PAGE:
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The city of Cumana – the capital of Sucre state, east of Caracas – saw massive unrest today as citizens poured on onto the streets and looted a number of businesses.

The unrest began early this morning, and appears to have been triggered as many other protests have been in recent weeks: when food trucks failed to arrive at supermarkets in the area, upsetting hundreds of frustrated shoppers who had been waiting in line for hours.

Ruben Saud, the president of the Cumana Chamber of Commerce, told the Associated Press that as of the early afternoon, that bakeries, “businesses and supermarkets” had been looted.

The areas hit by the looting appear to be along the Panamericana Avenue, the Universidad Avenue, and the Perimetral Avenue. El Nacional reported at around 1:00 PM local time that traffic through those areas had been completely shut down.

Below, a video showing looting in Cumana at 2:00 PM local time:

The video below shows a National Guard convoy rolling through a city street. One of the green trucks appears to be carrying men dressed in civilian clothes, who have presumably been placed under detention:

Andrews Abreu is a photojournalist who was in Cumana today and uploaded a number of pictures of the unrest there onto his Twitter account. Below, some of his pictures.

Looters enter a juice warehouse: on Humboldt Avenue:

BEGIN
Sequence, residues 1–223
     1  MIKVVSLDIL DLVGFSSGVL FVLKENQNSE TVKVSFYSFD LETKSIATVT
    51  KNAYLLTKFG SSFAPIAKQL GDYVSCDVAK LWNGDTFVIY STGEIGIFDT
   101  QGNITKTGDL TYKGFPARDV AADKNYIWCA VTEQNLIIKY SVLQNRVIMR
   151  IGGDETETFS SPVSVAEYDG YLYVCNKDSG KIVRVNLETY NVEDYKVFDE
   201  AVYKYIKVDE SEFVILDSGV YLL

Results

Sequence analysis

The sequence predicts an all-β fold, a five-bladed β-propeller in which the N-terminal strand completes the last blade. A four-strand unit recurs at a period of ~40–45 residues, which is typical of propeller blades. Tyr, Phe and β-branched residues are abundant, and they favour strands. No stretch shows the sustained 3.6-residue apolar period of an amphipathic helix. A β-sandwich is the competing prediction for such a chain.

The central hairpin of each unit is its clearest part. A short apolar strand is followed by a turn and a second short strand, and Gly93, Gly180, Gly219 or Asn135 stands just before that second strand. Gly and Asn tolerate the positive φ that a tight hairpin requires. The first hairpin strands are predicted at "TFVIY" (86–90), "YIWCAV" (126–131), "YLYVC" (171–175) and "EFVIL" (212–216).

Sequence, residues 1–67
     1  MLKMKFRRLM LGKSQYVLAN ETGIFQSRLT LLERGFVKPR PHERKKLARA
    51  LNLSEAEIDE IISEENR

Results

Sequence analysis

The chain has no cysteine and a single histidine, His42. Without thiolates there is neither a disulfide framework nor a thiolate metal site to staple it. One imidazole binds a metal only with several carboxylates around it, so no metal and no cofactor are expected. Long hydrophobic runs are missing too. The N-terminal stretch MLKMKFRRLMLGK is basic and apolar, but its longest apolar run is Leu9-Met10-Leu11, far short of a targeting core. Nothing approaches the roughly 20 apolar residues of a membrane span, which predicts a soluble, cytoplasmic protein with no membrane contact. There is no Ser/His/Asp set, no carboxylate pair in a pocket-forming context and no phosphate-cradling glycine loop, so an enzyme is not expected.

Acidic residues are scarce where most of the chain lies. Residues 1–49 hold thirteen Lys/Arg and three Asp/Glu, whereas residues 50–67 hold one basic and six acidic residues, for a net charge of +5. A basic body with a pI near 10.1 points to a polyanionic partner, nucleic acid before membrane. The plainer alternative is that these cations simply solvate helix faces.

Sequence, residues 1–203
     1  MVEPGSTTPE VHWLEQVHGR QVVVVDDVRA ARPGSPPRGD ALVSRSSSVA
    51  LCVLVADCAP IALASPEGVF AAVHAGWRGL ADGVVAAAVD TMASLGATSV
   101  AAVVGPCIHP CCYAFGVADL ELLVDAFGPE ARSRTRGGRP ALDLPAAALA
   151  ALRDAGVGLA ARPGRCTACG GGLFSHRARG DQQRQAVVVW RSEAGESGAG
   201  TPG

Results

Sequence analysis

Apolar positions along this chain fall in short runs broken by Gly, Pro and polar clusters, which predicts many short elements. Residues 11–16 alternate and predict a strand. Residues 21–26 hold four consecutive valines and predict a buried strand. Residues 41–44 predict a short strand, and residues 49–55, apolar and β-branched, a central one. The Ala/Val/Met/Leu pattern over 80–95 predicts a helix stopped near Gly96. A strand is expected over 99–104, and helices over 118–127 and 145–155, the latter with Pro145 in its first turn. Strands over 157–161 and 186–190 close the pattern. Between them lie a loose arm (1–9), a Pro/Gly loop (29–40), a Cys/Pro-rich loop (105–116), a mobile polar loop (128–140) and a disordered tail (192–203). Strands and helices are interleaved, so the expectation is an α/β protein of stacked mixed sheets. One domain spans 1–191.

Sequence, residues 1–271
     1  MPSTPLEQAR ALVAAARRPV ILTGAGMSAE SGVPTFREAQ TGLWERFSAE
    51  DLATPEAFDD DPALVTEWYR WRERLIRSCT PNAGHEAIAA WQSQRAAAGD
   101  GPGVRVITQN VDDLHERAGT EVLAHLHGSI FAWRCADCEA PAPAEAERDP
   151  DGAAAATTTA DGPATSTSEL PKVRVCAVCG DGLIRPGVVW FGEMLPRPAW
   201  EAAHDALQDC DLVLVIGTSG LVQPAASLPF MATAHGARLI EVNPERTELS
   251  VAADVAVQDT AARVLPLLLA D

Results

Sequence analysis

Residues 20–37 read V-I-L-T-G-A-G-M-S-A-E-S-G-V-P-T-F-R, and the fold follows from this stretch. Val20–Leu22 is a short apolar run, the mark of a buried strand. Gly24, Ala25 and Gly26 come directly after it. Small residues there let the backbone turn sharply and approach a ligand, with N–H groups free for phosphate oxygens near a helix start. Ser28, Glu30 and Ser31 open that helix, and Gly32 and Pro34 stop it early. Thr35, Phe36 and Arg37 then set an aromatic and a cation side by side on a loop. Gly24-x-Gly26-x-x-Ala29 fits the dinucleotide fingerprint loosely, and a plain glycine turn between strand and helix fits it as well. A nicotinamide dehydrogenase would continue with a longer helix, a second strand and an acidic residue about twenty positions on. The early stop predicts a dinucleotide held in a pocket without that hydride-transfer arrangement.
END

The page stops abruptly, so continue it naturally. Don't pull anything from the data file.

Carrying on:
What remains of the Farmahorro pharmacy on Cumana Plaza after it was looted:

The Cumana Plaza Shopping Mall was also looted. Even an eyeglass store was targeted:

Looters also struck the Gran Mariscal de Cumana supermarket:

Looting of the Fashion Centre supermarket:

National Assembly MUD Deputy Jose Guerra said that his office has information that at least three people were killed during the unrest in Cumana today.

Cumana was not the only city to see violence today. Below, a video showing a National Guard soldier beating a civilian with his helmet and shoving others in unrest in Puerto Ordaz, Bolivar state earlier today:

Looting in Merida, Caracas

Looting also broke out in Merida state as well as in Caracas.

In Merida state, the city of El Arenal erupted into chaos last night, as residents set up barricades throughout the city in protest. Throughout the day, a bakery and an automobile accessory store were looted:

In Caracas, the neighbourhood of La Vega in the south of the city was the site of looting for the second time in a week, as looters descended upon the Colonial Shopping Mall in the area. It is not clear at this time if the looters succeeded in breaking into the mall.

Catia, a neighbourhood in the city’s west end, also saw unrest towards the end of the afternoon. Residents of the Gato Negro area of Catia took to the streets and began chanting, “Queremos comida! Queremos comida!” [“We want food! We want food!”]:

The protest in Catia appears to be centered just outside of the Gato Negro subway station, where protesters have blocked the road:

Rodriguez Says Almagro Works for Washington

Foreign Affairs Minister Delcy Rodriguez spoke at the General Assembly of the Organization of American States (OAS) today in the Dominican Republic, and used her time at the microphone to accuse OAS Secretary-General Luis Almagro of being a paid agent of the United States government.